In Group MN, there was no difference between the baseline MAP and the MAP just after endotracheal intubation. In Group MS, the MAP just after endotracheal intubation was significantly increased as compared with the baseline MAP (110.1 ± 17.3 mmHg vs 87.9 ± 4.6 mmHg, respectively) and the MAPs were significantly increased at just after endotracheal intubation (110.1 ± 17.3 mmHg vs 88.8 ± 14.6 mmHg, respectively) and at 1, 2 and 3 minutes after intubation, as compared with Group MN, respectively (Fig. 1A, P < 0.05). In group MN, the heart rate was significantly increased just after endotracheal intubation (72.5 ± 11.4 bpm vs 64.1 ± 3.5 bpm, respectively) and 1 and 2 minutes after intubation as compared with the baseline heart rate (Fig. 1B, P < 0.05). In Group MS, the heart rate was significantly increased just after endotracheal intubation (88.5 ± 16.5 bpm vs 68.3 ± 8.74 bpm) and at 1, 2 and 3 minutes after intubation as compared with baseline, respectively, and these values were higher than those of Group MN (Fig. 1B, P < 0.05).
For women, there was no difference between Group FN and Group FS for the MAP measured just after endotracheal intubation and 1, 2 and 3 minutes after intubation. In Group FN, the MAP was increased just after endotracheal intubation compared to the baseline MAP (98.4 ± 17.3 mmHg vs 86.6 ± 10.0 mmHg, respectively) (Fig. 2A, P < 0.05). The heart rate in Group FN just after endotracheal intubation was higher than the baseline heart rate (88.6 ± 22.8 bpm vs 77.1 ± 14.8 bpm, respectively). It was significantly increased at 1 and 2 minutes after intubation (Fig. 2B, P < 0.05). In Group FS, the heart rate just after intubation was increased higher than that of baseline (88.9 ± 10.8 bpm vs 72.4 ± 3.9 bpm, respectively), and it was significantly increased at 1, 2 and 3 minutes after intubation (Fig. 2B, P < 0.05). But there was no difference in the heart rate between Groups FN and FS (Fig. 2B).


Endotracheal intubation is a commonly used, necessary maneuver for securing the airway when inducing general anesthesia. However, endotracheal intubation causes the stimulation of the sympathetic nervous system, which increases the plasma catecholamine level and this can cause an elevated blood pressure and tachycardia [9]. Most myocardial ischemia that occurs during anesthesia is related to endotracheal intubation and especially to tachycardia [10]. So it is important to prevent hemodynamic changes during anesthetic induction.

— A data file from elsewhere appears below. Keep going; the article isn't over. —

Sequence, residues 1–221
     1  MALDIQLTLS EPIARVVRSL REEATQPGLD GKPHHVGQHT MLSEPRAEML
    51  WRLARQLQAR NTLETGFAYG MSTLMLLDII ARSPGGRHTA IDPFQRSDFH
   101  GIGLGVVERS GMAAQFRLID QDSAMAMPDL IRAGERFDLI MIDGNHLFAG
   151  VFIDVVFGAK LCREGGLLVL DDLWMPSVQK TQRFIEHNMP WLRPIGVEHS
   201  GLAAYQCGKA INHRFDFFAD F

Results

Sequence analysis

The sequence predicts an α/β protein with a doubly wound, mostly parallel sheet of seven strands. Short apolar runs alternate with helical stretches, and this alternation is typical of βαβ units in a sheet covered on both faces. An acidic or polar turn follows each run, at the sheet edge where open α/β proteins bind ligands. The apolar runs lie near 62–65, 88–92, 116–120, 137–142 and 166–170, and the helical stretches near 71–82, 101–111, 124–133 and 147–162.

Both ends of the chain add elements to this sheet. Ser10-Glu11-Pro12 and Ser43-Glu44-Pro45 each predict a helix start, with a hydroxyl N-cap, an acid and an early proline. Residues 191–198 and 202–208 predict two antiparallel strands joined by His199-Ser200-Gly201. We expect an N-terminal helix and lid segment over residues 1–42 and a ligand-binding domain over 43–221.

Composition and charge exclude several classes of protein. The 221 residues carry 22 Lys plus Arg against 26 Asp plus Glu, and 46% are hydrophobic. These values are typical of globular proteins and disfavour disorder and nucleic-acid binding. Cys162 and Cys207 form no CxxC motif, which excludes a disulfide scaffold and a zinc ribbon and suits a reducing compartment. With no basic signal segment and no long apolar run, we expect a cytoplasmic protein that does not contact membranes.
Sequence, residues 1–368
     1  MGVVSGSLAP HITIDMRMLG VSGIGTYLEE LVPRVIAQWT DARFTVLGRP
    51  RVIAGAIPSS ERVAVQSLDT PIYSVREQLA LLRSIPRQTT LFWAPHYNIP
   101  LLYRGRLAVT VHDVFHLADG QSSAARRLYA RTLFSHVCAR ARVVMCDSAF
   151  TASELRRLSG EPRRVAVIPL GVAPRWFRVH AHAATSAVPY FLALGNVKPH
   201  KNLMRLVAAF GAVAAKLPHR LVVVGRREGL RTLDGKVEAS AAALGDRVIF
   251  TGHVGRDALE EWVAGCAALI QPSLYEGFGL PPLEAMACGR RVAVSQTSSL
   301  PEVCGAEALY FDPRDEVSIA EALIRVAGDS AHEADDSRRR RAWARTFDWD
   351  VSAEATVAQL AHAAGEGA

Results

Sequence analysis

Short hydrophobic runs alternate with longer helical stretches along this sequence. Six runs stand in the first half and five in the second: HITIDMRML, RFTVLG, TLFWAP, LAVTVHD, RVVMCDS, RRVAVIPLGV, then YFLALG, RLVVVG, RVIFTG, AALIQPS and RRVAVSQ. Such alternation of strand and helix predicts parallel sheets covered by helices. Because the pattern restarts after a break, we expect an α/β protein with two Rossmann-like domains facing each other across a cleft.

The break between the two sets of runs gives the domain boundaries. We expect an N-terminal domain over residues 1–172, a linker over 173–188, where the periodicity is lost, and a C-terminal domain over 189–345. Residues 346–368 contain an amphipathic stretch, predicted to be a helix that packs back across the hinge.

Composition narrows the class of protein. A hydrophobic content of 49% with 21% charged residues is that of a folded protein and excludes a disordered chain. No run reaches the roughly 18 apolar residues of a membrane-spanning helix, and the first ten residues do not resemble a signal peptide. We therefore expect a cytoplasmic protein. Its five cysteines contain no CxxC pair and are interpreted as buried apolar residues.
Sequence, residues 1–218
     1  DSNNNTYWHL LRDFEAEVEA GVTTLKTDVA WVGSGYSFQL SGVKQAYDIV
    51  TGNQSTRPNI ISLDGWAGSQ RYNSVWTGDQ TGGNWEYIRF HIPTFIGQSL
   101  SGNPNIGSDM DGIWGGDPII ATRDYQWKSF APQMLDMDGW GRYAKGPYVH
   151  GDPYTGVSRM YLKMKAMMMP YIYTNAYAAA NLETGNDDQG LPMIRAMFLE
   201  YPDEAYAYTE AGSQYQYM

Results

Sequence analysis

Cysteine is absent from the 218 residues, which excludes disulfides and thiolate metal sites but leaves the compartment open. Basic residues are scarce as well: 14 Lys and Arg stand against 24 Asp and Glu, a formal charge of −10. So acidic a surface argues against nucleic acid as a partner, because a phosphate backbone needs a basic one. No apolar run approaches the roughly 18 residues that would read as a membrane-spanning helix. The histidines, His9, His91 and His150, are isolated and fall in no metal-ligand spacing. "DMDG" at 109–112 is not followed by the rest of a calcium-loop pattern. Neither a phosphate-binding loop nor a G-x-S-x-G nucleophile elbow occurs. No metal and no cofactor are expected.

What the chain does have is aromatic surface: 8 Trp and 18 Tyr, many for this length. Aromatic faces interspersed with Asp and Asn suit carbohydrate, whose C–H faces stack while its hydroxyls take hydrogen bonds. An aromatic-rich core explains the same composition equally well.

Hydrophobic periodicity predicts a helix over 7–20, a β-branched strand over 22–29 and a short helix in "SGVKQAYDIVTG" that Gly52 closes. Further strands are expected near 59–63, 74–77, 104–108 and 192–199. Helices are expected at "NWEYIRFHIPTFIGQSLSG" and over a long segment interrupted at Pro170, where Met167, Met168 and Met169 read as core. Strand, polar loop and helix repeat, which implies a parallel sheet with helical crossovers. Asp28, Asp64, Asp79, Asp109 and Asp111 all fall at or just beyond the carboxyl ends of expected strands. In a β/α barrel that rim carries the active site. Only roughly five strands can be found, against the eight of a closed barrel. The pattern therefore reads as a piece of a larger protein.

To minimize such cardiovascular responses, the use of opioids, local anesthetics, inhalational anesthetics, beta adrenergic blockers, calcium channel blockers and other cardiovascular drugs has been shown to be effective [11]. Among them, opioids have been the most widely used drugs. Fentanyl blocks the sympathetic nervous responses during anesthetic induction. The amount of fentanyl used for endotracheal intubation with using a laryngoscope is known to be directly proportional to the ability to suppress the cardiovascular response, so fentanyl has often been used [12], yet remifentanil has recently become more widely used.
There have been many studies on what the appropriate dosage of remifentanil is in order to suppress the hemodynamic response to endotracheal intubation. The methods of administration are a bolus injection, an injection of a loading dose with a continuous infusion, and a continuous infusion. For the induction of anesthesia using propofol and rocuronium, Hall et al. [13] administered a loading dose of remifentanil 0.5 µg/kg and then they continuously infused 0.25 µg/kg/min. Shim et al. [2] reported that continuously infusing remifentanil at 0.2 µg/kg/min effectively suppressed the stimulus-caused increase in blood pressure and heart rate. Their results show that the amount of remifentanil administered until endotracheal intubation was important for inhibiting the hemodynamic response regardless of the method of administration. The optimal dose was normally 1-1.5 µg/kg. This current study followed the methodology of the study by Shim et al. [2] by inducing anesthesia for 6-7 minutes until endotracheal intubation. Thus, we were able to avoid side effects such as muscle rigidity induced by a bolus injection of remifentanil [14,15].